• Ideas – developers should constantly come up with ideas, and be writing them up and passing them to the product owner/manager. You can “pitch” for time to work on ideas and develop prototypes before an idea becomes a story. Ideas shouldn’t just be related to the product, they can be upgrades, refactoring ideas, changes to the internal environment etc…
    • Pair Programming – for a lot of stories, at least for portions of them, it’s good to pair program. It helps you learn a part of the code base you may not know, but someone else does. You’ll also be surprised how much better the quality of code is, if you have someone watching over your shoulder pointing out suggestions and improvements. The same goes for bugs, things you may miss, but a second pair of eyes won’t. It’s also a more social way to work (if you like the person and the banter is good), and helps gel the team.
    • Code Reviews – every story written should be code reviewed, even bugs (the bigger ones) as we all write crap code every so often. A code review should only take 10 minutes or so, and just involves another developer being given a walk-through of your work. This helps iron out any poor code, style violations, architecture issues, uncertainties etc…
    • Different Languages and Operating Systems – at Huddle I primarily use C#, but there are plenty of other languages we use that I can improve on. HTML and CSS for example. Many serverside developers will claim they can write properly used, well formed HTML and CSS but they often can’t. We also have JavaScript (jQuery) and PHP and use Linux (Apache, Samba, SSH) servers. Lots of things for developers to learn off each other, and expand their their knowledge. This also stops dependencies and problems should someone leave the company, or be on holiday etc…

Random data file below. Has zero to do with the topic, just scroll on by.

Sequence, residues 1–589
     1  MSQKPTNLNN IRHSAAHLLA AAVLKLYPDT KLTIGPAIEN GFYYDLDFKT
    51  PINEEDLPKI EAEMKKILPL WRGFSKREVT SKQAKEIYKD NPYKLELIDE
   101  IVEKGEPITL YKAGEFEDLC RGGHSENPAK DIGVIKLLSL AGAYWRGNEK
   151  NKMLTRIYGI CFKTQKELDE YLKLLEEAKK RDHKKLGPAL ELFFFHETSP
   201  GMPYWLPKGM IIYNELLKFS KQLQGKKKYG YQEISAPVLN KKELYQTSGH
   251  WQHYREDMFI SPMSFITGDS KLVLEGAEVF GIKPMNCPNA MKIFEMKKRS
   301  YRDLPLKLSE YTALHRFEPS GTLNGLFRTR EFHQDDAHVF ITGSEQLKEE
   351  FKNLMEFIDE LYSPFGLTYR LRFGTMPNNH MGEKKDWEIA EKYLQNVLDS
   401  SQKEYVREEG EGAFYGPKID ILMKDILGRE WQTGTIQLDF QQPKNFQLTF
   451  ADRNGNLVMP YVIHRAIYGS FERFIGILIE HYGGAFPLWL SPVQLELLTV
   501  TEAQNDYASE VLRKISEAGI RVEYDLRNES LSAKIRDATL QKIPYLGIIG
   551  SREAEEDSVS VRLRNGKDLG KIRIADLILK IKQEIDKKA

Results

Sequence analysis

So there are some of the things we implement as part of our development process. None of them are complicated or difficult to implement, and they all offer benefits. I’ve worked in a few places (no names) where none of the above are done, which in retrospect is probably why I don’t work there anymore. I shudder when thinking back to the “old” development days at previous companies.

    If you’re reading this and thinking your company will never implement some of the points, firstly, you never know unless you start making suggestions or at least ask. Often you have to take the initiative and make your workplace work for you. Secondly, if it falls on deaf ears, just kick and scream until someone notices you, because eventually they will (or you’ll end up leaving after months/years of frustration).

    A Few Other Things

    How to become a better programmer? Here’s a quick list of other things that can help you become a better programmer(at least a happier one), but are probably less likely to get implemented.

    • A beer fridge and beer o’ clock (we currently do this, awesome)
    • Bean bags
    • Chairs and stools with wheels
    • Multiple monitors, at least 2
    • Computer club, basically Counterstrike after hours
    • A large flat screen for sporting events (Olympics, World Cup, Wimbledon etc…)
    • A build noise (for when the build breaks)
    • Background music while you work

Colin Grossman